Posted by psgels on 17 September 2011 with categories: Anime Reviews




The most underrated series of the past season. Blood-C? Nah, that show is just very easy to either really like or really dislike. Hyouge Mono? Nah, there are enouigh people who want to see it subbed some day. As for Blade, however: I made a number of posts about it, but I don’t think that I can recall even a single person commenting on it after the first episode. Were there actually people who knew about this thing?

It’s a pity, because this turned out to be quite an engaging action series. Out of all the Marvel series that were shown over the past year, it by far stands out as the best, aside from a few single areas.

Let’s get those areas out of the way first: the animation and the action choreography. The animation is nowhere near as good as it was, back with the X-Men, and Wolverine had better choreography and knew how to make its fights visually more interesting. While this is indeed a bit of a pity, do note that apart from that, Blade is superior to Iron Man, X-Men and Wolverine in all other ways.

At first sight this may not seem to be the case. In fact, I can recall giving up hope with this series after its second episode came with a very cheesy police story. But after that, something very interesting happened: this show started to get more and more focused. Suddenly, it came with background arc after background arc: we get an engaging story of Blade in his teens, as a young adult, we learn what happened to his mother, what happened to his father, the main villain gets a compelling back-story and this show even has the time to take one of the side-characters of Wolverine, and use him better than how Wolverine did it! Instead of randomly focusing on action, every episode is actually meant to flesh out the story and give everything ample back-story.

Oh, the stories still are a bit cheesy and simple, but it all is surprisingly well executed, with great build-up, pacing and an excellent use of music. You really have to give it to the composer here: he composed four kickass and standalone soundtracks that are all different from each other. Because of that, not just Blade turns into the best character out of all of the Marvel-series, his sidekicks also dwarf their counterparts. The female sidekick finally hits the nail right on the mark: she’s neither a helpless damsel in distress, nor does she hog all of the screentime with deus ex machina powers. Intead, she adds something to the main character, and makes him change. The main villain is compelling, threatening and actually does something other tha sit in a chair, and the rest of the side-cast do a wonderful job both supporting the main cast, and also telling their own story.

Let’s also talk about the setting a bit. Are you tired of every single anime taking place in a Japanese High School? Then look no further, because this series is anything but typical. First of all, when was the last time we had an actual black main character? The last major one I can remember is Dutch from Black Lagoon, and even he got shafted as the show went on. Also, as the series went on, another very interesting thing happened: the characters didn’t stay in Japan, but instead went on a tour thoughout Southeast Asia. Seriously, every arc takes place in a different country, and in this way we suddenly visit countries that have never even made an appearance in anime: the Philippines, Cambodia, Laos, Vietnam, Malasia, this show takes us jungles all over the place, rather than just staying on one spot.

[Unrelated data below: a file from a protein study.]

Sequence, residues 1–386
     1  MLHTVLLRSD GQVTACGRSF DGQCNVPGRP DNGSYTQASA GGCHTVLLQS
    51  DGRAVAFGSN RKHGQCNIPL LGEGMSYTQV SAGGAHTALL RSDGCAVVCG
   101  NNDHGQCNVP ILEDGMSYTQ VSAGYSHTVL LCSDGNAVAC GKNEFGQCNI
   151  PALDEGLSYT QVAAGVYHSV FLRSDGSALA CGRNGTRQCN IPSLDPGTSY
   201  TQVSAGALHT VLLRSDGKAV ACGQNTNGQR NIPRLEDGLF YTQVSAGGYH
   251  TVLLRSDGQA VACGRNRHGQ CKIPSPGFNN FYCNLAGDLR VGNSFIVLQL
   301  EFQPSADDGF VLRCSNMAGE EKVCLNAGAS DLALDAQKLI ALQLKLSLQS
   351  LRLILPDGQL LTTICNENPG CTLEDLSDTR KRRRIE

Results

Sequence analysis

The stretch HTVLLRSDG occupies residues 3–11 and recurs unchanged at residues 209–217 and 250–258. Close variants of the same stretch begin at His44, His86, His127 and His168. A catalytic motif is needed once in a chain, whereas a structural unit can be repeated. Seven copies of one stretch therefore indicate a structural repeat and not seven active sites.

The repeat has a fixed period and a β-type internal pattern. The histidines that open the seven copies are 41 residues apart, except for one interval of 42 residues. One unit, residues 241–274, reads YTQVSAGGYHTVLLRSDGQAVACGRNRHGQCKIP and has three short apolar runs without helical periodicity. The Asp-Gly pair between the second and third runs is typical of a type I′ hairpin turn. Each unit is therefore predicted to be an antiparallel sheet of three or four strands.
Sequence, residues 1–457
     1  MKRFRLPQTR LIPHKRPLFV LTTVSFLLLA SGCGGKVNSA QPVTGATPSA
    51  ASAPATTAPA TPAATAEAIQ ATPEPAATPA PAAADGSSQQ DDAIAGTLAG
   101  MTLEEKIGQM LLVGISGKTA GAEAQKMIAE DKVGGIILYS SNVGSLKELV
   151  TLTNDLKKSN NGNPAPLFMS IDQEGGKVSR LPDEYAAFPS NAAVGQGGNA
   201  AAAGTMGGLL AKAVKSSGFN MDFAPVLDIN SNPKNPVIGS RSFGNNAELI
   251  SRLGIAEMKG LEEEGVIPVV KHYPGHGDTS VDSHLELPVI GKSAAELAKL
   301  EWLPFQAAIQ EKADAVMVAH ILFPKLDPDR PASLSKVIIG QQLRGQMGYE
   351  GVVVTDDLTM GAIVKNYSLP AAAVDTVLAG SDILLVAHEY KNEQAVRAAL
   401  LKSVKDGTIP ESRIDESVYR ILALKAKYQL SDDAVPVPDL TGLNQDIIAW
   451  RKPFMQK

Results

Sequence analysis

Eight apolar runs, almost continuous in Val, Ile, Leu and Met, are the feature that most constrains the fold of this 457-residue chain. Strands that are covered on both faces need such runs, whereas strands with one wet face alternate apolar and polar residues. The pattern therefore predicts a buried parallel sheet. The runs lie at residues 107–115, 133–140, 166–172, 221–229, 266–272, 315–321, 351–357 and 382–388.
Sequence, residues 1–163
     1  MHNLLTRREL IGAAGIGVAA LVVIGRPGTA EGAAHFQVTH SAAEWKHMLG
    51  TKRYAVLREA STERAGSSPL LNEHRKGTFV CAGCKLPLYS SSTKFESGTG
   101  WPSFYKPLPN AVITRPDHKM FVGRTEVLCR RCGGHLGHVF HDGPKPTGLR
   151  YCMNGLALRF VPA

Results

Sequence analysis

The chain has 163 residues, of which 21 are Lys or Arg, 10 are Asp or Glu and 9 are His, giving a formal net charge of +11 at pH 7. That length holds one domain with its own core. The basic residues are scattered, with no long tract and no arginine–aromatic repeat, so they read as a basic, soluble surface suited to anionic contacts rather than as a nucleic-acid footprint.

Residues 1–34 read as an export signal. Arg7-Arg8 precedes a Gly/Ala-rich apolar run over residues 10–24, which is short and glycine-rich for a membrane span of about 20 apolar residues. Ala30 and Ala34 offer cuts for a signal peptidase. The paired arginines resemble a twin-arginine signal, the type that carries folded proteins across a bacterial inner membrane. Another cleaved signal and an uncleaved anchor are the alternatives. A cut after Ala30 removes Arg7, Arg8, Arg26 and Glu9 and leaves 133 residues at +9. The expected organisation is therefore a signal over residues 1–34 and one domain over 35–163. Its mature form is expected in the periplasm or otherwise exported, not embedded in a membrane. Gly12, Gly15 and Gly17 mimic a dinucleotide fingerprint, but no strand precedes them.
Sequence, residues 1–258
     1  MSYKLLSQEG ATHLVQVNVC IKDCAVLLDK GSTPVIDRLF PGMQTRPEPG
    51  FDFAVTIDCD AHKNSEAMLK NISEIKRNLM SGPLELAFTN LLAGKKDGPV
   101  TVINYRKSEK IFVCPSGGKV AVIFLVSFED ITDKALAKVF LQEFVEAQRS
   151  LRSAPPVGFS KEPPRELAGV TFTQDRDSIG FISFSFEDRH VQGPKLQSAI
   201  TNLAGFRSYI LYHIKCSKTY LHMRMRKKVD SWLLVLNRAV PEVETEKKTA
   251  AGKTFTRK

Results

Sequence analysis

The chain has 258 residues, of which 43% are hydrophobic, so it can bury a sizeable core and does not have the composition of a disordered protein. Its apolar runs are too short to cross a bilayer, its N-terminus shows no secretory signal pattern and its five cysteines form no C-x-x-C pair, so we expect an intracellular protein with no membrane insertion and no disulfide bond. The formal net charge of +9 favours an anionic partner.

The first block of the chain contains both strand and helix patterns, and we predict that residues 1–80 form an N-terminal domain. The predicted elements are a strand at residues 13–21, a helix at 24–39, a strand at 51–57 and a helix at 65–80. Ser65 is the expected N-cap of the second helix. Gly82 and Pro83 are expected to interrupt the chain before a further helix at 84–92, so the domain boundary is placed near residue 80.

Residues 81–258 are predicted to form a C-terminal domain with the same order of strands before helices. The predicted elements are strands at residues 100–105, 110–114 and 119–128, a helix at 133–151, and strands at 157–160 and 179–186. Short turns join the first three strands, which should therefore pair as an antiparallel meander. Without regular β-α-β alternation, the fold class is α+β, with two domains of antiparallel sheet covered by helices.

Also, this show is about vampires. The kind that sparkles? Of course not. Here they really are bloodthirsty creatures, but even there it’s not as black and white as just that. This series too spends a lot of time on the nature of vampires, what it means to become one, and most importantly: what happens to the loved ones of the people who do become one.

Okay, now just to make sure that I’m not overly praising this series: it does have Madhouse’s acting problem again. And with that, I mean that their character designs are so complex that it becomes really hard to animate them properly, making their acting feel a bit akward. Especially the first half suffers of this, when dramatic speeches can get a bit awkward due to choppy facial animation. It also remains a series that is dedicated to action. Don’t expect world class drama here. It’s simple drama with simple characters that just comes together wonderfully, especially after the glaring flaws that the earlier Marvel series had, this really was the closure that the franchise needed.

Storytelling: 8/10 – Great combination of action and plot, both which are surprisingly interesting.
Characters: 9/10 – A ton of attention to all kinds of character backgrounds was really appreciated, and the characters dwarf the cast of all of the other Marvel series.
Production-Values: 8/10 – Fantastic soundtrack, though the animation has a few issues here and there.
Setting: 8/10 – More anime should follow this series’ example of not picking the most overused premises to go with!

Suggestions:
Ultraviolet: Code 044
Claymore
Kurozuka

3 Responses

  1. Avatar sket the frenchie says:

    You was not alone…i watched this serie too :) don’t worry ^^

  2. Avatar Ando says:

    I agree, Blade was the best of the four (which, admittedly, doesn’t say much). If only the fights were better animated – the black screen with white text thing was never a good idea. I actually liked the second episode and only decided to continue with the show after watching it, since I thought the first episode was unforgivably bad. I’m glad I stuck with it.

  3. Avatar Kyosei says:

    Admittedly I was initially watching this for Maaya Sakamoto but I was glad I gave this series a chance. A shame the animation wasn’t always that great but at least by the second half everything started looking pretty nice.

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